Deaf Storyslam is a free community event, created in 2019, in which Deaf individuals of varying backgrounds share personal stories and experiences with the broader community. The 2nd Annual Deaf StorySlam happened in September 2020 with new tellers and stories but with a virtual twist.
The 2020 Deaf Storyslam included storytelling coaching for Deaf community members and three free virtual public ASL storytelling workshops leading up to the Storyslam.
Milwaukee Public Library's Deaf Storyslam won ALA's first Libraries Transform Communities Engagement Grant  in 2020.
Planning for the Deaf Storyslam has been continuous for 2.5 years. Planning first began with relationship building between the library, Milwaukee nonprofit Ex Fabula, and Deaf community members.
In addition to the Storyslam event, we planned virtual ASL storytelling workshops specifically for Deaf and Hard of Hearing individuals, with a focus on Deaf individuals of color. These workshops were led by Deaf storytelling coaches and were conducted entirely in American Sign Language.
The first storytelling workshop provided an introduction to storytelling as an art form and asked attendees to practice some initial storytelling exercises. The second and third workshops guided attendees through identifying a true personal story to tell at the Deaf Storyslam and workshopping the story. The storytelling workshops were designed for smaller groups of 10 to 15 individuals.
The slam’s switch to a virtual platform was a challenge. As a team, we made decisions such as disabling the chat feature so the screen would be less visually cluttered and distracting, engaging an extra interpreter to help capture ASL communication that may be missed with all the Zoom windows, and forgoing breakout rooms after the storytelling feature.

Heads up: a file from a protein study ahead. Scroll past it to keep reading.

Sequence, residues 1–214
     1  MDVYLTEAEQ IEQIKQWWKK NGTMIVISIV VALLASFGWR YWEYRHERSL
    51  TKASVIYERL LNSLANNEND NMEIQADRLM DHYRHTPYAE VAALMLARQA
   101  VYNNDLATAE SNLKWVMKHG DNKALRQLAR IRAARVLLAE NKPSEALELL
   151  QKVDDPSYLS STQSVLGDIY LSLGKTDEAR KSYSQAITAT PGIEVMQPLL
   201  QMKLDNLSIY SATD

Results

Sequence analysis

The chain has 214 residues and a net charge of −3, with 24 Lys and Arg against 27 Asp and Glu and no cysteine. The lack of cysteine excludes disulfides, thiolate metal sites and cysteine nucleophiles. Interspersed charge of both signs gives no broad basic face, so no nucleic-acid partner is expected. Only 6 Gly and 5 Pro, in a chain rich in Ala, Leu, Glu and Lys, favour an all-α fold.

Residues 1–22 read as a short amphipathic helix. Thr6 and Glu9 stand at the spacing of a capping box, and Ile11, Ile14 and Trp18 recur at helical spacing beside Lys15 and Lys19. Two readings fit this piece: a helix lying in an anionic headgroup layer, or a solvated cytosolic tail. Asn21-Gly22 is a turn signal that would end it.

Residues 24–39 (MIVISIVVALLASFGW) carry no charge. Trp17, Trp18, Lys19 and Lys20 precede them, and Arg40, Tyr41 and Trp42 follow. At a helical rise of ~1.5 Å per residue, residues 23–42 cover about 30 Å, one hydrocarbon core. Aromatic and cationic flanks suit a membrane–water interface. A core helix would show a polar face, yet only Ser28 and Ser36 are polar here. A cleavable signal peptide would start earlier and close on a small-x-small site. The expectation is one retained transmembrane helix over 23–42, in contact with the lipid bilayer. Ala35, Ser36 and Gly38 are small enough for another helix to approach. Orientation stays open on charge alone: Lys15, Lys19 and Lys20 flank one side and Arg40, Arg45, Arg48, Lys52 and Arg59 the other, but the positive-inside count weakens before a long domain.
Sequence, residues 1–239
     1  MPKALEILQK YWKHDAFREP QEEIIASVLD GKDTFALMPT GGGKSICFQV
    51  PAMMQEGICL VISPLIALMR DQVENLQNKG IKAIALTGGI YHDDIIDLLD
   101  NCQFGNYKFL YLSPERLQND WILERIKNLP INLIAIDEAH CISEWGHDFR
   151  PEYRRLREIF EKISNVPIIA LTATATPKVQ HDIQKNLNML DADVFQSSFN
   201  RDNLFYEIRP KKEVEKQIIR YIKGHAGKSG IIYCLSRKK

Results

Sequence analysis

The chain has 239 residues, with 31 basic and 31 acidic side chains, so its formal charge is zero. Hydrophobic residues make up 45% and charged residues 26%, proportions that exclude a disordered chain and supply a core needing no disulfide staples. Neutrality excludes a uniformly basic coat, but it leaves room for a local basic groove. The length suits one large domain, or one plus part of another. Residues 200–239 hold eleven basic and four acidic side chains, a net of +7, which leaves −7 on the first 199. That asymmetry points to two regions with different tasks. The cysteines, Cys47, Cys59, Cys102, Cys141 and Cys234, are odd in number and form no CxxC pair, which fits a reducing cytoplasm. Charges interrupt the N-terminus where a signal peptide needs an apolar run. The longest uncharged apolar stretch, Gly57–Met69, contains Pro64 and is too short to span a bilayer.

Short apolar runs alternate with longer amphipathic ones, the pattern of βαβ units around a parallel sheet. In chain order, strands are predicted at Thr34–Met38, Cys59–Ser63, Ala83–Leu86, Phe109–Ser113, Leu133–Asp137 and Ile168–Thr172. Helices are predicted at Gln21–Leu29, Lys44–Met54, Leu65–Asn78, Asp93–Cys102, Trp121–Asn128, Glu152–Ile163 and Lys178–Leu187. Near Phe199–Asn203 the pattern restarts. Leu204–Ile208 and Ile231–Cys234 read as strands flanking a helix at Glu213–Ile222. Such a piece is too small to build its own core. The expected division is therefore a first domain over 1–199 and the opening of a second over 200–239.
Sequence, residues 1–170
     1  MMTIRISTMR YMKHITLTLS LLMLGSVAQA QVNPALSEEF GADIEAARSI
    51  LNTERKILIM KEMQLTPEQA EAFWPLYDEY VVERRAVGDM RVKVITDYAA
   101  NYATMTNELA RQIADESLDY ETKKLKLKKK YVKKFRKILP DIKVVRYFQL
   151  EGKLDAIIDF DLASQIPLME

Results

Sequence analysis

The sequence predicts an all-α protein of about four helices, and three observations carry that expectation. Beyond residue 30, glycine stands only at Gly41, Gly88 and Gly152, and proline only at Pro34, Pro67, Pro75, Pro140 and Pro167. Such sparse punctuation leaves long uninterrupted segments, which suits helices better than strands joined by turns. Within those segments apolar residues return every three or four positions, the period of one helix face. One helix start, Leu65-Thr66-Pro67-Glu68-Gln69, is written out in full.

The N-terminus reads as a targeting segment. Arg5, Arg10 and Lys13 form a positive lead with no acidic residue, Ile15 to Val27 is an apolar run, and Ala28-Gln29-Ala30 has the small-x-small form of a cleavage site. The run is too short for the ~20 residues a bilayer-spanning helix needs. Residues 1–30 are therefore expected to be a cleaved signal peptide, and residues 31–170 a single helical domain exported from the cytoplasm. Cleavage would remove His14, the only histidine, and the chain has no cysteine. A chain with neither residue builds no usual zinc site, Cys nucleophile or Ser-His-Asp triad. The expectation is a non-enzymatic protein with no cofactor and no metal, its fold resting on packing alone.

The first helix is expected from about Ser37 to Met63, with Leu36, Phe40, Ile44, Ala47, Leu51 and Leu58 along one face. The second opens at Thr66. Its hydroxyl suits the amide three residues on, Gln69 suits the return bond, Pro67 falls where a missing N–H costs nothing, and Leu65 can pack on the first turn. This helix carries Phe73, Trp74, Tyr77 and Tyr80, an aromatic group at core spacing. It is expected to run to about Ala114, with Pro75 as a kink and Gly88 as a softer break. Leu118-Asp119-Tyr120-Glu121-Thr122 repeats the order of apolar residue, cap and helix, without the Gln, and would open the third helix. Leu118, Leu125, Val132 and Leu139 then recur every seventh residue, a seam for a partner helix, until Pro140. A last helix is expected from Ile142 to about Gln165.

Promotion for the Reimagining Stories in ASL project began in late June 2020, once we confirmed the dates for a three-part storytelling workshop. The marketing plan for the workshops included: fliers that were distributed electronically and some printed (minimally, due to citywide safer-at-home orders); promotional videos created for our Deaf storytelling coaches shared via social media; and word of mouth.
For the Storyslam, we increased marketing efforts and relied on cross-promotion by partners, including the University of Wisconsin- Milwaukee, city of Milwaukee and Neighborhood News Service.
This program was funded by a $2,500 Libraries Transform Communities Engagement Grant  from ALA.
For the Storyslam event, due to the need to hold the event virtually, most set-up and day-of tasks were related to managing Zoom. We needed three behind-the-scenes staff people in addition to our two event emcees.
Behind the scenes staff roles were as follows:
- Role 1 / Zoom Host: started meeting, managed recording, coordinated Spotlight feature, pinned interpreter, managed sharing links in the chat, ended meeting
- Role 2 / IT Support: led troubleshooting for day-of tech issues, responded to audience IT questions, distributed event survey
- Role 3 / Storyteller Support: prepped and queued storytellers
The 2nd Annual Deaf Storyslam was a highlight of our library programming in 2020. The event featured four new Deaf storytellers of varying ages and backgrounds.
We saw an increase in attendance and interest from the community to be involved in the project. We built from 2019 by training a new Deaf storytelling coach and partnered more closely with the local university.
Based on our survey results we achieved our goals of building bridges between the Deaf and hearing communities and increasing cross-cultural understanding by creating opportunities for the Deaf community to publicly share their stories.
Research and learn the best practices for online events featuring Deaf presenters and Deaf audience members.
The Libraries Transform Communities Engagement Grant was made possible by former ALA president and longtime generous supporter Nancy Kranich, with additional contributions raised by solicitations and a matching opportunity in 2017. Learn more at ala.org/LTCEG .
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